Chisao Shigemori is one of the most famous Japanese landscape architects today, known internationally as a highly renowned landscape history scholar.
Shigemori is also the author of a number of books on Japanese Zen gardens and Japanese gardening history.
Imagine, for a moment, a Japanese style home. What materials spring to mind? What are the essential elements? Typically we would expect soft, muted tones; wood, bamboo, and paper finishings; with green tatami matting, sliding screens, and paper lamps casting a gentle meditative light. There in the corner of the main room is a focal point, an alcove, called a tokonoma, where our gaze is attracted by a piece of art. Perhaps a kakejiku, a hanging scroll, is hanging from the wall, and beneath it there is placed something that represents an idealized vision of the natural world. It might be an ancient bonsai tree, or perhaps within a beautiful ceramic vase there is a skillfull arrangement of flowers, leaves and branches. In his latest piece for the ZenVita blog, garden expert Mark Hovane takes a closer look at Ikebana, the Japanese art of flower arrangement, and celebrates its role bringing nature, art, and harmony into the home.Read More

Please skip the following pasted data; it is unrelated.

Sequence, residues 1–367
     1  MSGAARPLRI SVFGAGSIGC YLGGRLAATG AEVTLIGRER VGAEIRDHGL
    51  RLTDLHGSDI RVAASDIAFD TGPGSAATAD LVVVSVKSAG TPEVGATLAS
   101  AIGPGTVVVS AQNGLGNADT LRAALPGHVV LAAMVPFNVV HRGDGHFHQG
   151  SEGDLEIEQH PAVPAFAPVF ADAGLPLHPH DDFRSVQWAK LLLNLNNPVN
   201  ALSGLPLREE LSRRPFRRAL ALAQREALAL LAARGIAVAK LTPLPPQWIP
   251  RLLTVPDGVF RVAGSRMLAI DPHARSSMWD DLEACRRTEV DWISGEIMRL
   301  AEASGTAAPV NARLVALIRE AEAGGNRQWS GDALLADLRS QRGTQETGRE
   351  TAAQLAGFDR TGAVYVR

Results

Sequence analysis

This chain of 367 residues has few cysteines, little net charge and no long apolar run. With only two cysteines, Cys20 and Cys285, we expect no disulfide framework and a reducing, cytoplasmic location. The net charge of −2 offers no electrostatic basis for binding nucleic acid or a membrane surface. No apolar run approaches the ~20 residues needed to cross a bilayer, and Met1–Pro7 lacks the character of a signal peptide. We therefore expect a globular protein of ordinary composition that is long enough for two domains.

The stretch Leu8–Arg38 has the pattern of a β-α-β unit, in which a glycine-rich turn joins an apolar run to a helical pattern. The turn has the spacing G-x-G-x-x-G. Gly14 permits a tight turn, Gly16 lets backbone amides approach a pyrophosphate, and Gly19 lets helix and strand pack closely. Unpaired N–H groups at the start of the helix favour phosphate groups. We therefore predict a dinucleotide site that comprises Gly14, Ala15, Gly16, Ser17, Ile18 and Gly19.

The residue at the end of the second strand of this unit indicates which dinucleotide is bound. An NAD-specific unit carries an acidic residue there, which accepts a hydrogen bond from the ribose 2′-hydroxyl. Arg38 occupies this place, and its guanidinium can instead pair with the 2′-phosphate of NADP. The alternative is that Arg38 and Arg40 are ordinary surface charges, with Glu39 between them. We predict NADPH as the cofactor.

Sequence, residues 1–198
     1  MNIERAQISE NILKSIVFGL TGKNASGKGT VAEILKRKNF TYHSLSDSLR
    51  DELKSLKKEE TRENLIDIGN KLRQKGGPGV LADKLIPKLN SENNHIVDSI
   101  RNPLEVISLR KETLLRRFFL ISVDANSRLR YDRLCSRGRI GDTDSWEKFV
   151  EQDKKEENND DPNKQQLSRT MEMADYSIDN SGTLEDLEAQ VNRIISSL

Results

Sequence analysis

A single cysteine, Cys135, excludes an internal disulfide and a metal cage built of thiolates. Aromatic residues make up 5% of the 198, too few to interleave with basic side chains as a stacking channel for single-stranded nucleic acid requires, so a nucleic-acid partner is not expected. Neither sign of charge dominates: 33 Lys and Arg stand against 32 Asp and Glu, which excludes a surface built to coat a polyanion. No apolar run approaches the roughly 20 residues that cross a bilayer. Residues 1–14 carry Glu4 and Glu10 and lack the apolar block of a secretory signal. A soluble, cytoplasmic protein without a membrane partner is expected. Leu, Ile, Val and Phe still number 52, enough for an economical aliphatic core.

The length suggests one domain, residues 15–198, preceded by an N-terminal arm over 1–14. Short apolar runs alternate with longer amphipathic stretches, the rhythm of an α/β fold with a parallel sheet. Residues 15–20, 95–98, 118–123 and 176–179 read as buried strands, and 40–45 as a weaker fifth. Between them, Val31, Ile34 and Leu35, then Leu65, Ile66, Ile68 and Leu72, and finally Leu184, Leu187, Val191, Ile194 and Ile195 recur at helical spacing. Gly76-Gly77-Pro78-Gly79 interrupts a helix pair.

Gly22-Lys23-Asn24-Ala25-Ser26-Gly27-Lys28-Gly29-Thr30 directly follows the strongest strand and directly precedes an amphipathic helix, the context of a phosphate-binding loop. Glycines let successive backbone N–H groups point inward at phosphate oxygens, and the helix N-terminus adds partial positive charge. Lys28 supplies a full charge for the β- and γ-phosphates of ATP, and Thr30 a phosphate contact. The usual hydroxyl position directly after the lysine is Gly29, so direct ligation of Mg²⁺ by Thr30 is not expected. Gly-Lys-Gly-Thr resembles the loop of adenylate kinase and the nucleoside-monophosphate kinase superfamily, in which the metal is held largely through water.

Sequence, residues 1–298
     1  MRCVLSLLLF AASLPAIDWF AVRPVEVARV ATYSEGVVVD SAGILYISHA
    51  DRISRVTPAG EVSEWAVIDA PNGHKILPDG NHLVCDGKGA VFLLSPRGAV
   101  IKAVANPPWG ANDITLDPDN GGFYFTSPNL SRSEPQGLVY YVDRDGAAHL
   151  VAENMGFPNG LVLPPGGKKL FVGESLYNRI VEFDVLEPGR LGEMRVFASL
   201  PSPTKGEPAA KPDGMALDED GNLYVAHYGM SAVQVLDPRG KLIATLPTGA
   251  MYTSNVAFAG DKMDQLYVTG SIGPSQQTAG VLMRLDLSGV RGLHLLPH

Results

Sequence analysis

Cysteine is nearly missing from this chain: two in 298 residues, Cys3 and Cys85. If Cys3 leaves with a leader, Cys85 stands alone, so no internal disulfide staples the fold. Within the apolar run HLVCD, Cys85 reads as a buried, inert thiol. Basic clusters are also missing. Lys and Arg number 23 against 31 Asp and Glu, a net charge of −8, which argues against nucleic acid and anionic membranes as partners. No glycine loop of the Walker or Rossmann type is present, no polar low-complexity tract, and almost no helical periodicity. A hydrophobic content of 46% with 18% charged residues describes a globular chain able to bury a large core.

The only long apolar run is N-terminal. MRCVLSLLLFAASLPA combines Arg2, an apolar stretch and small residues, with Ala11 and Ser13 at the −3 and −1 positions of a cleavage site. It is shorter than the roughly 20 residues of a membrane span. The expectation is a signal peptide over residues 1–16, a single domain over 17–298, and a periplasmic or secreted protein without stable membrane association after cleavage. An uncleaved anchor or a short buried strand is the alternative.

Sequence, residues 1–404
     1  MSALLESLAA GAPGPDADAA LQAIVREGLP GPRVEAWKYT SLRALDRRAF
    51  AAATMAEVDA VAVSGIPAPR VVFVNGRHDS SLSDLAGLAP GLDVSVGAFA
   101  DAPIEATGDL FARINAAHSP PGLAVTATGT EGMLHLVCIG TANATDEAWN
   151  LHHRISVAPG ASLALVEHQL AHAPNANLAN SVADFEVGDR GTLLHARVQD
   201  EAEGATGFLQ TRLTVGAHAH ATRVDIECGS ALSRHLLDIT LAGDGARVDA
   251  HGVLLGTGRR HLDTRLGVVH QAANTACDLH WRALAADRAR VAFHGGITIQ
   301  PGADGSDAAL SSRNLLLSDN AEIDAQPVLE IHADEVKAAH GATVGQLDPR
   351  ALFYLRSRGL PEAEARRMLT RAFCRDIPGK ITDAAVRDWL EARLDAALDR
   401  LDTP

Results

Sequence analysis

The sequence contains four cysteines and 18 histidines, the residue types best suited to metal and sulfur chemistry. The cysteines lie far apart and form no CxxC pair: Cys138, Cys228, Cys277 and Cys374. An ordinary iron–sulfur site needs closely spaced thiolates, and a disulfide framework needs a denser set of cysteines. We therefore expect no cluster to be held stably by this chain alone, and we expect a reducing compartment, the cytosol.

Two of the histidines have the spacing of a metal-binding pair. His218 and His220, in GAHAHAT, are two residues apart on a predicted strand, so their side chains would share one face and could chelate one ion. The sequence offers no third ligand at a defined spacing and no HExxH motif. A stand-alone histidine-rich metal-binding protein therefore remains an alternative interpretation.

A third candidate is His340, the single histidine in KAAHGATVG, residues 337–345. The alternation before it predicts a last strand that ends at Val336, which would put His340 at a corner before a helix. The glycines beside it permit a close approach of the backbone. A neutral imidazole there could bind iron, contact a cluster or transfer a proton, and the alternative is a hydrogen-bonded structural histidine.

This summer our editor, Michael Lambe, sat down in a Kyoto cafe with Kaz Shigemitsu the founder of ZenVita. They talked about his background, about his company's mission to promote Japanese architects and designers overseas, and about his future plans for ZenVita.Read More
The beauty of the Japanese aesthetic is increasingly inciting curiosity in the West. One of its most remarkable characteristics and clear to see in Japanese architecture, is its simplicity. Yet despite this simplicity, designs are both profound and retain a sense of mystery. Two aesthetic concepts that help us to better understand these characteristics are the ideals of yugen and shibui.Read More